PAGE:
Your Inner Darkness
Sometimes darkness has a way of finding you, finding who you are inside and manipulating it.
These dark forces come from within each of us. We all have our darkness, the things that if we were to tell people they’d lock us up or the people with the white coats and hug-me jackets would take us to the crazy house.
Whether you write your blog for fun or your writing off the blog on a book, comic, screenplay or other writing project, all stories have dark parts. From Green Eggs and Ham to Lord of the Rings, it’s identifying those dark parts in your life, your writing and your environment that makes your writing yours.
Where My Darkness Comes From
I pull most of my darkness from my childhood and my love of horror movies, dark books, a fondness for the color black and dealing with my parents divorce.
Horror movies have been a staple in my life. First with the old black & whites then moving on to the 80’s slasher movies and finally into Hellraiser and Pinhead.
Each of these writers have influenced my writing in some manner. The darkness in their stories made me feel like it was okay to write things that were a bit out there. They made me feel comfortable as a writer, and that is what I was looking for.
Learning From My Influences.
By reading their writing I knew it was okay to think the stories in my head, that I wasn’t a freak. Because, honestly there were times when I’d have stories that were macabre and I thought, “Damn, that came from the deepest reaches of my soul.”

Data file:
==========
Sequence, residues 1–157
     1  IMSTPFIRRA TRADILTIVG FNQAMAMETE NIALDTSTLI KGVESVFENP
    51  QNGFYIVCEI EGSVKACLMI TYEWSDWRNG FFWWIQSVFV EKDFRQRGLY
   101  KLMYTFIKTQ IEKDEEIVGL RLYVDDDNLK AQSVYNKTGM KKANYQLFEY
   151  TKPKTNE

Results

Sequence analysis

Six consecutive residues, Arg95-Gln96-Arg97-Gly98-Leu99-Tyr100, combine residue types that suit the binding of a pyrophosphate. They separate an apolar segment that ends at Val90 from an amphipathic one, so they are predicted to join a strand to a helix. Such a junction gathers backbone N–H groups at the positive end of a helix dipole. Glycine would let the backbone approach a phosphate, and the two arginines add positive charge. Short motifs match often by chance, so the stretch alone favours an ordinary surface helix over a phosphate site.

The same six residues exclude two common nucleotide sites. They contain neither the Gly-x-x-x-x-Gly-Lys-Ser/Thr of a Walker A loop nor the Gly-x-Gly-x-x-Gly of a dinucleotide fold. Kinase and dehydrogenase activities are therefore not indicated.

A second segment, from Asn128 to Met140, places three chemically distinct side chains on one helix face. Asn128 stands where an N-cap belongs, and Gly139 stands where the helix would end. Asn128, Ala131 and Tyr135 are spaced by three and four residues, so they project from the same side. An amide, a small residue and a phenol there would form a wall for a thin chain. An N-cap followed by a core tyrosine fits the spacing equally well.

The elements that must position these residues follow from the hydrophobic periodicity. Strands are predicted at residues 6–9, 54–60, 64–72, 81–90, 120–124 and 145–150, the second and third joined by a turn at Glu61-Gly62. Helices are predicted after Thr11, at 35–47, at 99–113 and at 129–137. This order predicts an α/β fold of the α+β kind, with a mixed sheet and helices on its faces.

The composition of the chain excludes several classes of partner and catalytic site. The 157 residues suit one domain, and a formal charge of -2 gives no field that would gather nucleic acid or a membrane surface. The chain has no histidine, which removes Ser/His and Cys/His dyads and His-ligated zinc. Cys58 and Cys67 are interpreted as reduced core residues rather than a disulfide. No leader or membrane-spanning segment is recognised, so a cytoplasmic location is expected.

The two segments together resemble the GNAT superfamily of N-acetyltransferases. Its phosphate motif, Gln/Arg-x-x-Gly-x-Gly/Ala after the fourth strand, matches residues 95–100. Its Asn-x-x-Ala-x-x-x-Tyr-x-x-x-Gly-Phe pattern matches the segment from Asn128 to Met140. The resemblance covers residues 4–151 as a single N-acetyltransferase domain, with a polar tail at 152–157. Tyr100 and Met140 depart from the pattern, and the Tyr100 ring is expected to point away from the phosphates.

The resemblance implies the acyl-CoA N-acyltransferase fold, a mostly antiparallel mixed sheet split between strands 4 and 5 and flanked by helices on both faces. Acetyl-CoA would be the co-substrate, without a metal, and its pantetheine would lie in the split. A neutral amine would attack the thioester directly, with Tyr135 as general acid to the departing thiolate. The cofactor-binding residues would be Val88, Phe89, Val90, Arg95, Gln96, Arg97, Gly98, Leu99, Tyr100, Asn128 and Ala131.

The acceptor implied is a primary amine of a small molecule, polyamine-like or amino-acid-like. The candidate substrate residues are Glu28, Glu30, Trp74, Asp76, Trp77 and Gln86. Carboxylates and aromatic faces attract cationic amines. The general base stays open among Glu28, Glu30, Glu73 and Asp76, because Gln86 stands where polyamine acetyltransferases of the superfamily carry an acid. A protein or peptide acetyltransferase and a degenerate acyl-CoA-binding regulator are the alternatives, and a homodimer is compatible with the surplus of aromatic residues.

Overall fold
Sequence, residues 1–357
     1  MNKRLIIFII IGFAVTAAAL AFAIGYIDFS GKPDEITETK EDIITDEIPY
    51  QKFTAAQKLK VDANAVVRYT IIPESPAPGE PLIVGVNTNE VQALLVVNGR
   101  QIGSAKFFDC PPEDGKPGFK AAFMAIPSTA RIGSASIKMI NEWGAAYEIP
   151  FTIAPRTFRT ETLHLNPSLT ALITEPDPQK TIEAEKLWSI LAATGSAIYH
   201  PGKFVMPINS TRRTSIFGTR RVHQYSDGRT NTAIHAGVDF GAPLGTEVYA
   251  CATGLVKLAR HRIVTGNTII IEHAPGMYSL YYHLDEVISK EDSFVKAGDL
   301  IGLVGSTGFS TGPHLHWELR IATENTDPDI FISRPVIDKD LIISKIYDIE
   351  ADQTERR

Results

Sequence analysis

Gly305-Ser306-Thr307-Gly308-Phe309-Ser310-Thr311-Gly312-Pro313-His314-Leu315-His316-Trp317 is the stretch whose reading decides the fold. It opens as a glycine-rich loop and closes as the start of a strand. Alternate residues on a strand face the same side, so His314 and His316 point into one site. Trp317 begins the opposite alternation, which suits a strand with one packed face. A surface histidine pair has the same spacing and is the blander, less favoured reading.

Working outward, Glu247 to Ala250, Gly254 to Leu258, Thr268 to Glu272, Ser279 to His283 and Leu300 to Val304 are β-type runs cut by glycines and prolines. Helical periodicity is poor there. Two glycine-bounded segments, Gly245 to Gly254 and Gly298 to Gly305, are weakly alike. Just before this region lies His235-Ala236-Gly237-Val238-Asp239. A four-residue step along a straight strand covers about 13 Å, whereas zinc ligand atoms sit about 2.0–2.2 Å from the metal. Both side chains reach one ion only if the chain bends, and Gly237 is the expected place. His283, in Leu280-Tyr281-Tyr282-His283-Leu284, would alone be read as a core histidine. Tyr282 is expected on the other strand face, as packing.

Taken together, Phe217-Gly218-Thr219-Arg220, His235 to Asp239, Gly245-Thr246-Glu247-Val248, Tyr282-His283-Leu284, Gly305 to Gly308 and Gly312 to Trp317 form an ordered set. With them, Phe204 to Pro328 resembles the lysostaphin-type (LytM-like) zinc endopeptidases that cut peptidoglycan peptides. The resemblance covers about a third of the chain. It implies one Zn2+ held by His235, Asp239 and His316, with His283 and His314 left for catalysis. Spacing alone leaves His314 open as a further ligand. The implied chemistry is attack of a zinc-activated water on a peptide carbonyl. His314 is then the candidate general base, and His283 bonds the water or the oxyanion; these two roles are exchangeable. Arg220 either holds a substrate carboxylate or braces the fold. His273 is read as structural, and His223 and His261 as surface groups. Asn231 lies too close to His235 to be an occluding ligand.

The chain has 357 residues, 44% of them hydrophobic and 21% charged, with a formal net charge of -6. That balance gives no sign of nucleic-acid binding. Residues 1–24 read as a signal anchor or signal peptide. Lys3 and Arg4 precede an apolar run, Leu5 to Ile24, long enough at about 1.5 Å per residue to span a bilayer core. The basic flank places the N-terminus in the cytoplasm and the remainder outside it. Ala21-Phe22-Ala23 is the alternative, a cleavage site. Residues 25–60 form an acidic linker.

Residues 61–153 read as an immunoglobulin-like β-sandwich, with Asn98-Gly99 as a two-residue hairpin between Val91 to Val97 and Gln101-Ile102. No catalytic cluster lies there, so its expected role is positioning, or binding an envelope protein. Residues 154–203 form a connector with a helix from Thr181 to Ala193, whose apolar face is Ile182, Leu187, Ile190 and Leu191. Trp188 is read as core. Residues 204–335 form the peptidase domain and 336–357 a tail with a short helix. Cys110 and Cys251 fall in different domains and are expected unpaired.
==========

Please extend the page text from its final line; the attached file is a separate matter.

There were other times, and a lot lately, where a story comes to me and I forget how afraid I was of writing it, of scaring people or of making those close to me worry about my sanity–yes, these things have come up in my head–and it was my wife and my mom telling me they liked that I was dark and reading a lot of Neil Gaiman that made me feel free enough to write them.
Finally Feeling Free To Write
I have never felt more free as a writer as I do right now. This darkness has been swirling around me, waiting to take me to a twisted Oz for a while, but I had to jump in the funnel and go willingly. Going willingly has changed me personally and professionally as a writer.
I’m back to my old twisted creations.
I’ve had people at my day job comment on the changes in me, that’s how I knew I was on the right path, finally.
- Neil Gaiman talks Coraline, Stardust and other childrens stories | Babble (babble.com)
- Release Date and Story Revealed For Neil Gaiman’s The Ocean at the End of the Lane (tor.com)
- thank you, neil gaiman (ravenspeak.wordpress.com)
- Visiting the Graveyard with Neil Gaiman (bookblob.wordpress.com)